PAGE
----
Struggling writer Travis Hall lands a job as a night-shift security guard, thinking that the long, quiet hours will help him finish up his latest novel. The absurdity of the job, however, distracts him from his ambition.
A young Italian woman inherits from her deceased lover an enigmatic modern house in the New York country side, and goes to see it for the first time. When she arrives she meets the caretaker of the house...
WWII vet Eddie Boyd is torn between providing for his young family and an unfulfilled dream of becoming a Hollywood star. He discovers a way to do both, but his dream leads him down a path of danger and tragedy.
Stan is a quiet, solitary detective in New York City. A few months ago, he solved a gruesome case of serial murders, although an undercover police officer lost her life. A new set of similar murders begins: the bodies are elaborately displayed and the killer uses equipment from art and early movie making in the tableau, or he leaves a clue as to where the investigators are to stand to get the full artistic effect. Stan is paired with a younger detective, Carl, whom he brushes off when Carl wants to get to know him. As pieces fall in place, it's a race to prevent the next killing, quite possibly someone close to Stan. Written by
A detective (Willem Dafoe) is on the hunt for a killer who transforms his victims into works of art. The cases grow more and more brutal, and some suspect the detective himself may somehow be involved (though, from the audience's point of view, this involvement is not apparent). Who is the killer, can he be caught?
I had low expectations for this film. Dafoe is an amazing actor, and has appeared in some great films (and some not-so-great but still popular ones). Typically, he wouldn't be in a film unless it was going to be huge. This being a straight-to-DVD title, I had to wonder... could it be good if they felt that Dafoe wasn't enough to carry it to the big screen? And the answer is simply: it's good, but not that good.
Dafoe is a great actor, and Peter Stormare ("Prison Break") is a good character actor (playing, as usual, a thuggish type here). But they are put in a plot that doesn't really have much depth. The writer was concerned about getting us from corpse to corpse, but that was about the extent of it. The directing, likewise, is good, but will do little to further a career -- a year from now, I'll be the only person to recall this film. The special effects were good and deserve credit. While not the most realistic corpses ever, there was plenty of time and thought involved... so cheers to you.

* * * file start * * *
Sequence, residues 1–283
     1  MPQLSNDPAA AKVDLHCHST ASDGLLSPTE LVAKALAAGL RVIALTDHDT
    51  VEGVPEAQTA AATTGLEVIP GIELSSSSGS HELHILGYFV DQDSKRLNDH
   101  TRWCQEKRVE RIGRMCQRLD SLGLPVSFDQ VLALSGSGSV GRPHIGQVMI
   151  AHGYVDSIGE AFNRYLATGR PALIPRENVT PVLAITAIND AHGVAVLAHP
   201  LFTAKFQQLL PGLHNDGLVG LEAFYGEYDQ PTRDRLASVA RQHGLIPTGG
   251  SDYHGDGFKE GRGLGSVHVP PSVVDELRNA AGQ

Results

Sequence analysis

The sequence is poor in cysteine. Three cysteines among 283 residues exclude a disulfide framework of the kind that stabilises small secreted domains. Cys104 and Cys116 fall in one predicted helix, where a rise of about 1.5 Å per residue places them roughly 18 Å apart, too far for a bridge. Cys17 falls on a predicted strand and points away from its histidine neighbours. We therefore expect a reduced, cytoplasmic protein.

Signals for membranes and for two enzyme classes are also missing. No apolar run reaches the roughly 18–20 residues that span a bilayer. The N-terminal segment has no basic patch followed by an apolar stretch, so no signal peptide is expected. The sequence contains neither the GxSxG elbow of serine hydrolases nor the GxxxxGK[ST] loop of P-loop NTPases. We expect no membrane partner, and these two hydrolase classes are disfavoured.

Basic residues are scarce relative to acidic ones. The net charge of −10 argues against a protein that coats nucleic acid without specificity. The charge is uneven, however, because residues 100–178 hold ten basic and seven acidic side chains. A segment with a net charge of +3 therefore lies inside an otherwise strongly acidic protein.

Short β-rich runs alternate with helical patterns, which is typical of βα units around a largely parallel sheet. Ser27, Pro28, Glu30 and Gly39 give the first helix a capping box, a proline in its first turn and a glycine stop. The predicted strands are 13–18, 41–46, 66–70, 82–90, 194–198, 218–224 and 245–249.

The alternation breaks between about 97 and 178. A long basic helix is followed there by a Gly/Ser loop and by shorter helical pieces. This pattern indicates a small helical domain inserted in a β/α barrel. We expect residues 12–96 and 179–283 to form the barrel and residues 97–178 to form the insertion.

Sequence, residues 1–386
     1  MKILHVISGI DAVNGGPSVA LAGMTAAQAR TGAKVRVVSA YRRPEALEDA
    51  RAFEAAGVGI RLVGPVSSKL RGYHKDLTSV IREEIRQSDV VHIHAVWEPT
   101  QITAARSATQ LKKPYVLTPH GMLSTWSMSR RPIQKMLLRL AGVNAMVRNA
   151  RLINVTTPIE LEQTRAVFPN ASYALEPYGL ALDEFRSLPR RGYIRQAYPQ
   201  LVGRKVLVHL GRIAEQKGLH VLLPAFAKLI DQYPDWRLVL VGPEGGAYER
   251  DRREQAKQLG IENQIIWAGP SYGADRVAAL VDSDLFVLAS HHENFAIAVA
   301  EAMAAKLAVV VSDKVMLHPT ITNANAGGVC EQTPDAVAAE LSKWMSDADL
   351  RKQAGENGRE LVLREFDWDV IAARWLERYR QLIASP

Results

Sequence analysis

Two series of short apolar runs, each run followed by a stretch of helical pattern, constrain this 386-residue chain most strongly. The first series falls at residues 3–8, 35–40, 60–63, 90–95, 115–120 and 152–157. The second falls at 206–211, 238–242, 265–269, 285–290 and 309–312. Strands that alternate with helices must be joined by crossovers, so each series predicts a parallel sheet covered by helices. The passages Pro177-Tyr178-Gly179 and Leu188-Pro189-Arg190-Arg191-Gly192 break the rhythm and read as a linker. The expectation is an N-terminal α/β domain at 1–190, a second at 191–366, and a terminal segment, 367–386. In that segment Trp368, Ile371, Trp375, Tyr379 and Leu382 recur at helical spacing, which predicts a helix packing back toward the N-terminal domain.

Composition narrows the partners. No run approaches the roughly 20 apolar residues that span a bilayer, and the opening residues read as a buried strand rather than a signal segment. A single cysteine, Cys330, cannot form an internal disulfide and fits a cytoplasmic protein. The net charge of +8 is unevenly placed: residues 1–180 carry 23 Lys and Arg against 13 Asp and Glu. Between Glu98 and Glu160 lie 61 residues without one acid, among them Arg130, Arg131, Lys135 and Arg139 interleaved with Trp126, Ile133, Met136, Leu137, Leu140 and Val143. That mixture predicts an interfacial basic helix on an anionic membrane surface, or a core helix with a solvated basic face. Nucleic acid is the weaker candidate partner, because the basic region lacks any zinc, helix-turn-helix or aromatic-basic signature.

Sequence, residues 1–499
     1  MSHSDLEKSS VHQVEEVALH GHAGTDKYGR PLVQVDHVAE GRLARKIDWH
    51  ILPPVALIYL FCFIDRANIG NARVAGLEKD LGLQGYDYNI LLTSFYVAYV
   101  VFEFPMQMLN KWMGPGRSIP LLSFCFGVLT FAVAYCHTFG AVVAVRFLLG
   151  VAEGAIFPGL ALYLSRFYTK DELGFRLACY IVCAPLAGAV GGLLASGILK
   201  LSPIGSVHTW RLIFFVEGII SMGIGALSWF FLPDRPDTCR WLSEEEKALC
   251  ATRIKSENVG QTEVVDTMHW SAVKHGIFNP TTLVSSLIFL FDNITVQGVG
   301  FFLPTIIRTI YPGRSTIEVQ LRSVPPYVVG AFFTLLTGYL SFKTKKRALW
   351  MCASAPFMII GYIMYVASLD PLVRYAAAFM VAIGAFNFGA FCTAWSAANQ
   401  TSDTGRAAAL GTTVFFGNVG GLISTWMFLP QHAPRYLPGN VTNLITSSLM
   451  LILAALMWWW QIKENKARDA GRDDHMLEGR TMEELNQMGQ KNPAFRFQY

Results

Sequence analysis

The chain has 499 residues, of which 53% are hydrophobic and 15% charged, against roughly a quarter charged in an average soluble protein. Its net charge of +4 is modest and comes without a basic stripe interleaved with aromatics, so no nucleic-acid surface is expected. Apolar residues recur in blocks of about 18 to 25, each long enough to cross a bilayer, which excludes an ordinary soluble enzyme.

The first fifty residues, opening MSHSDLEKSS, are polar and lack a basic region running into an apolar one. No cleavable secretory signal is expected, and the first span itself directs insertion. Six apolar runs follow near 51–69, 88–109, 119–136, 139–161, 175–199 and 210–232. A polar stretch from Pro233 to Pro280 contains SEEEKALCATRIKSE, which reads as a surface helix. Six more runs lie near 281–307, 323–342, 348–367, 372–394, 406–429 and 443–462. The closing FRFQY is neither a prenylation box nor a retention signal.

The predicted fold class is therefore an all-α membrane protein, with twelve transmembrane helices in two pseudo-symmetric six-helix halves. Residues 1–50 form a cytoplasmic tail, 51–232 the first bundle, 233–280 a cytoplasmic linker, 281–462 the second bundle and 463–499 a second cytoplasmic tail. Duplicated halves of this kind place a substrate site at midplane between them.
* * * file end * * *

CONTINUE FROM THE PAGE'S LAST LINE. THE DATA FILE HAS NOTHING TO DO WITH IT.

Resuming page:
The one thing that stood out for me as quite good was the musical score. I have to say the composer hit the right nerves. I may already be mentally unbalanced -- this is true -- but the music hit me hard and gripped me, leaving me feeling dread and despair, which music will not often do. If the composer's goal was to create a mood of hopelessness and bleak darkness, I call this a success.
A philosophical question could be raised about whether the acts committed here were murder, art or both. Some might suggest that the death of one person may be a worthy sacrifice if the art produced is of significant value. If death can be used to justify some things, why not art? The film doesn't really explore this theme, and I'm inclined to believe that murder is hardly, if ever, justifiable. But a potential discussion exists here.
If you want to see a film about murder being turned into art, see the 1959 Roger Corman film "A Bucket of Blood". Or don't. But "Anamorph" will end up being an impulse rental that ultimately lets you down, I fear. 2008 is a slow year for horror and thrillers, so you may end up resorting to lesser fare to feed the addiction. Just be warned in advance that this is simply that and nothing more.
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